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  • Between Asia and Australia, stretched over 3,000 miles of tropical ocean are the 13,000 islands of Indonesia. The fractured, scattered landmasses are the result of immense volcanic activity, which continues even today; smoking volcanoes on the horizon are common sights when traveling through this fascinating area. A country of many different cultures, histories and climates, Indonesia is also a biological melting pot, its immense collections of plant and animal life the product of both isolationism, in some island groups, and cross-migrations of species from the Asian continent and the islands of Papua New Guinea and Australia.

    The marine environment is perhaps even more complex. In the center of where life in the ocean is thought to have first begun, its reefs, nutrient-rich bays and wild ocean pinnacles are filled with corals and other invertebrate life of every description, unusual, exotic fish—like leaf fish, pipefish and scorpionfish of more varieties than most of us ever thought existed—and large pelagics.

    We recently had the opportunity to explore what is considered Indonesia’s best diving area, in North Sulawesi. Located in the middle portion of the country’s sprawl of islands, Sulawesi is virtually due south of the Philippines, only a few hundred miles away; the center for diving there is the port city of Manado. From the area’s resorts, which include Kungkungan on Lembeh Strait, which has made “muck diving” famous (see the May 1999 issue of Skin Diver), there are many different dive sites that can be reached. We enjoyed a new opportunity, however, on a dive live-aboard, the Pelagian, which is now supplementing its normal Thailand itinerary by spending part of the year in Indonesia.

    Getting There
    Manado, Indonesia, the departure point for Pelagian’s voyages, is reached via Singapore Airlines, with a change of planes in Singapore to a Silk Air flight. Passengers are met at the airport for a van ride to Kungkungan Resort, where they board Pelagian.
    Departing the Kungkungan Resort, we sailed nearly 150 miles to the north, diving a series of island groups and remote pinnacles. We visited the dive sites around Bangka, Manado Tua, Biaro, Bunakan, Neneung, Para and Manghetang, and went into the Sangiche Islands further north. On some trips, Pelagian also will travel far to the northeast, reaching the remote islands of the Tuland group.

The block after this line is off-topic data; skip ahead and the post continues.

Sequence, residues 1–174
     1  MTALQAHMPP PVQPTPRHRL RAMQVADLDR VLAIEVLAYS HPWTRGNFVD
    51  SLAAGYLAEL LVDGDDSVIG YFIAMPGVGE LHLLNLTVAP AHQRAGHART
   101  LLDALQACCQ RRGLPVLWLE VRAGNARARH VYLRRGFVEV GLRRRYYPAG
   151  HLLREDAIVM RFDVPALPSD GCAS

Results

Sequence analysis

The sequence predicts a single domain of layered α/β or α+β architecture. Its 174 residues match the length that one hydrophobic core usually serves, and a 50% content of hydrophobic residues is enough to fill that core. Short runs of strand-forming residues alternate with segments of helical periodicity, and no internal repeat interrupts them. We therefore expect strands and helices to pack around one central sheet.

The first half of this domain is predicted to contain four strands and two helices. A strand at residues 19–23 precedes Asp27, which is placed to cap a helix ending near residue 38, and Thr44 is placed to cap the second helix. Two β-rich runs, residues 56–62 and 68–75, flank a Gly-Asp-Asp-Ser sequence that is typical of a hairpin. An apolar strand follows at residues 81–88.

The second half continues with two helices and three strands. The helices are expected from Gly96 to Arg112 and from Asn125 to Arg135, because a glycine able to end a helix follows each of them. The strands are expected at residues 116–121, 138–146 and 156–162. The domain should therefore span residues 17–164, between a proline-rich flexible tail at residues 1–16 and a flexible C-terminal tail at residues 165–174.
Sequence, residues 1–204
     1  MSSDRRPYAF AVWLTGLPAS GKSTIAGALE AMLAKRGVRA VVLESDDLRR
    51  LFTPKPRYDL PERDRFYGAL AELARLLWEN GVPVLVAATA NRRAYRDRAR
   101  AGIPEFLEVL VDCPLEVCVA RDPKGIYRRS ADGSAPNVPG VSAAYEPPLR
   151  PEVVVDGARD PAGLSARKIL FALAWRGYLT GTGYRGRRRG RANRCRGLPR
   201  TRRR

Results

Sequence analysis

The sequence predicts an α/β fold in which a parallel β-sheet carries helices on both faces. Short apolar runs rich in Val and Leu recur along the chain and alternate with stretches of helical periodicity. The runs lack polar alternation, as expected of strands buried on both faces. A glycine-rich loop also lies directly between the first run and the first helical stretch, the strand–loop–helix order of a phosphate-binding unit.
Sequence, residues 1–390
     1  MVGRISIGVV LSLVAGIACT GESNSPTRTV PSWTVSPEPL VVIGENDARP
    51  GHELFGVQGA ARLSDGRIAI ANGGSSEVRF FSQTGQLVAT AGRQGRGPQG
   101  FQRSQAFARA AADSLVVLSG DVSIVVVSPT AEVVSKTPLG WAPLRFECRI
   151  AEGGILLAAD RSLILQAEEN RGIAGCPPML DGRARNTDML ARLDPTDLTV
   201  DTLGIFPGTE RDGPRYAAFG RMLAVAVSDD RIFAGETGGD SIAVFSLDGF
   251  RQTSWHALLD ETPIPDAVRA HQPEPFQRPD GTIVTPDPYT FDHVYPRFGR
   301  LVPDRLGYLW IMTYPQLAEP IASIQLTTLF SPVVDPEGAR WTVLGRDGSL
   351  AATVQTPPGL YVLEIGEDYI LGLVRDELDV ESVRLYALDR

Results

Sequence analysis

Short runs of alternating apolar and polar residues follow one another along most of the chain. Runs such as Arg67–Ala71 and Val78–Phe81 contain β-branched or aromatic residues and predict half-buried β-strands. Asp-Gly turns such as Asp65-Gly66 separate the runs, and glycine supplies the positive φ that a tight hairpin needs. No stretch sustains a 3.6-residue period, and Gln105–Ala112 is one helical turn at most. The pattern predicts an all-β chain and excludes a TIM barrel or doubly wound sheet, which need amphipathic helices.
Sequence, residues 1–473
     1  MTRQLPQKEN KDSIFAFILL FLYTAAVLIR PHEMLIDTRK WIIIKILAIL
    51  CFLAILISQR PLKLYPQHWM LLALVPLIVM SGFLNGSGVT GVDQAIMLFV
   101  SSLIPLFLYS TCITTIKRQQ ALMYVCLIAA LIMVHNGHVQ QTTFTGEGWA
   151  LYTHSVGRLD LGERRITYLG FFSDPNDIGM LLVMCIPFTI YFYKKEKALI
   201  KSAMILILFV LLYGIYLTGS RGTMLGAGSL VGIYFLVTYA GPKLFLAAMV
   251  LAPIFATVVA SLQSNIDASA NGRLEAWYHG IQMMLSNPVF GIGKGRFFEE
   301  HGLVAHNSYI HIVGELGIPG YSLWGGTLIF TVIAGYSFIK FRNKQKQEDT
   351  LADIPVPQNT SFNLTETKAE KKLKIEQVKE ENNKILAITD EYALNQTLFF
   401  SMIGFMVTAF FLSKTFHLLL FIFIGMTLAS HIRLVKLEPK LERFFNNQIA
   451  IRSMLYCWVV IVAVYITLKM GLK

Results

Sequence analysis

Dive Log: We have moved during the night. Dawn is one of those that covers the entire sky. High, wispy clouds are painted in rose hues from horizon to horizon. We are surrounded by dark, hilly islands that rise from the slick, flat ocean. Directly behind us is a perfect volcanic cone with evenly proportioned sides, its craggy, concave top spilling a long plume of smoke; a brooding, dark mass in the gentle pink sky.

    The diving was varied, changing with each new dive site, but several distinct types were the most usual. Around the first groups of islands to the north of Sulawesi, those of Bunakan and Manado Tua, there were sheer walls that dropped from near the surface to a reported thousands of feet. Their faces were covered with soft corals, wire corals and gorgonian fans. There were a great number of tropicals and clouds of basslets and damsels, and on several dives, we saw Banded Sea Snakes that let us approach without concern.

    Dive Log: The sun is already blazing as we slip into the smooth water near a jumble of rocks that emerges from the dark surface along the island’s tip. As we descend, we see large, upthrust peaks that reach up from the distant bottom. They move and shimmer in the mild current; they are completely covered by masses of orange and yellow soft corals, sponges, sea squirts, gorgonians and colorful anemones. I have never seen a place so colorful and so full of crowded life. If this was a painting, no one would find it believable; if it was an aquarium, it would be considered overdone...

    The Political Situation in Indonesia
    With everything in the news recently about the political situation in Indonesia, readers may wonder about the reasonability and safety of planning a dive trip there. Fortunately, Indonesia’s troubled areas are few and are very localized; with 13,000 islands separated by ocean and spread out over an area the width of the United States, the vast majority of the country remains peaceful, with tourism uninterrupted.